“Books and academic journals are expensive to purchase or subscribe to. It is a question of money,” Dr. Moore said.
“I think it is their role to provide access to such research literature if they expect their teachers to be research active.”
Progressing in right direction
When evaluating a school’s reputation and credibility, research is one of the deciding factors, which can be seen through the fact that most globally prestigious universities are also favored research institutions, such as Oxford University in London, Princeton University, or Harvard University.
Research is not only important for the general development of a society, but it has also been proven to play a vital role in teachers’ credibility and capability.
The Macquarie University professor also emphasized at ICELT 2018, sponsored by Yola Institute, Oxford University Press, Macmillan Education, and Kototech Company, the importance of higher education institutions focusing on doing more research as an ideal way to improve the quality of universities.
“Research is where ideas come from,” Moore remarked.
According to the professor, researching forces teachers to read and study relevant literature, avoid the risk of teaching the same thing every year, and the lack of excitement because without new findings, the teachers will not be as enthusiastic in putting them into practice.
“It is an organic ecosystem where we stay alive as teachers and alive as students,” the professor added.
Despite the setbacks education in Vietnam is facing, the academic stated the Southeast Asian country is moving in the right direction.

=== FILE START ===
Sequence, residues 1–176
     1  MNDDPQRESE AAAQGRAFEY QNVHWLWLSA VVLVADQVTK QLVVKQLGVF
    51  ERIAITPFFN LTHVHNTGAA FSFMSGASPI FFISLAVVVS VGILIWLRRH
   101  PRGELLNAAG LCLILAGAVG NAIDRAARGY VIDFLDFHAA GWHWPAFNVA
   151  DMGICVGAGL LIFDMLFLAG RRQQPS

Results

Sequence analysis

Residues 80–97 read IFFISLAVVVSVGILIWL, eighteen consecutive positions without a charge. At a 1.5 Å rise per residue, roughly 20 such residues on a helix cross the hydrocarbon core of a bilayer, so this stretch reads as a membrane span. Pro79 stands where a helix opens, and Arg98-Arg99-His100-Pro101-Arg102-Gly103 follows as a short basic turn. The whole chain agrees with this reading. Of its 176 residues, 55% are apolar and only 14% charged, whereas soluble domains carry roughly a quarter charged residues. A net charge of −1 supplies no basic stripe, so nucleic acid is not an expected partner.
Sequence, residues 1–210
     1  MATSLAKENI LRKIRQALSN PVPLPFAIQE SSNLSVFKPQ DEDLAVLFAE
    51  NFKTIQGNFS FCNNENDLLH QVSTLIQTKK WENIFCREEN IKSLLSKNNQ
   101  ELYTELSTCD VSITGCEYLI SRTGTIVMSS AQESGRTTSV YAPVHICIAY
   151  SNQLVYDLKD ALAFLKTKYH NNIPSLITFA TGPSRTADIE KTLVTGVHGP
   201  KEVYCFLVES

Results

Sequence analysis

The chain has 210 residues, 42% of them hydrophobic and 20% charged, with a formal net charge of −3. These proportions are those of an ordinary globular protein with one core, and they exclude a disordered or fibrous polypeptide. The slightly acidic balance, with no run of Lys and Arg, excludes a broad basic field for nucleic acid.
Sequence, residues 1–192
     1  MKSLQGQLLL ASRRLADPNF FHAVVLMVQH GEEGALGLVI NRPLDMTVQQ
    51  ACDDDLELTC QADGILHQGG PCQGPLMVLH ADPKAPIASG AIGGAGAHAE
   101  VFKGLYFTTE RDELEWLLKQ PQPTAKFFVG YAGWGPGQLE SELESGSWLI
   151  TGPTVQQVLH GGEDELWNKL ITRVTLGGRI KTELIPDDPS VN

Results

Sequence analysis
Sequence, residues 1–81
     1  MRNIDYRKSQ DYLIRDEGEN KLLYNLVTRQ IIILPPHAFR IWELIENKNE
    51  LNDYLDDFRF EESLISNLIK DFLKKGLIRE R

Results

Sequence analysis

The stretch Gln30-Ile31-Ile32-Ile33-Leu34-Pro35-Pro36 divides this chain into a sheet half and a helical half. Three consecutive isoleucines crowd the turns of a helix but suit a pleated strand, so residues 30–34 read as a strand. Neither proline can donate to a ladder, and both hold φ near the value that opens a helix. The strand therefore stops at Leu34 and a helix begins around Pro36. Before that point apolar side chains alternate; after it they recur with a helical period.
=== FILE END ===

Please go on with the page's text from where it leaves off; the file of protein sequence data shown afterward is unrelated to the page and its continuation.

Even though the reality might not be the same, most universities currently address the importance of research as a part of a lecturer’s mission at the institutions.
“This is the first important step. Without this awareness, nothing further is likely to happen,” Moore said.
“With this awareness, strategies can be developed within departments and institutions more broadly that would encourage some research to take place.”
Having spent over two decades working with Vietnamese lecturers, the professor noticed several positive changes in their attitude.
“The lecturers have a better initial understanding about research, and I think they’ve become more efficient as researchers, more quickly than, say, 10 years ago,” he observed.
His research suggested that even though no “imaginative” approaches and research topics have been witnessed, most lecturers have a good understanding of what their research may be and how it should be conducted thanks to their study abroad experience.
Dr. Stephen H. Moore is an associate professor in the linguistics department at Macquarie University in Sydney, Australia, where he has worked in the fields of English language teaching and other related areas for almost 30 years.
Throughout his career, he has come to Vietnam several times, beginning in 1994.
He conducted two researches on English language teaching in Vietnam in 2013 and 2017, while also working closely with many Vietnamese master’s and PhD students at Macquarie University.
He has published widely in top journals and has co-authored two books of the Palgrave Macmillan publishing company, which are Language for Specific Purposes (2015) and Exploring Discourse in Context and in Action (2017).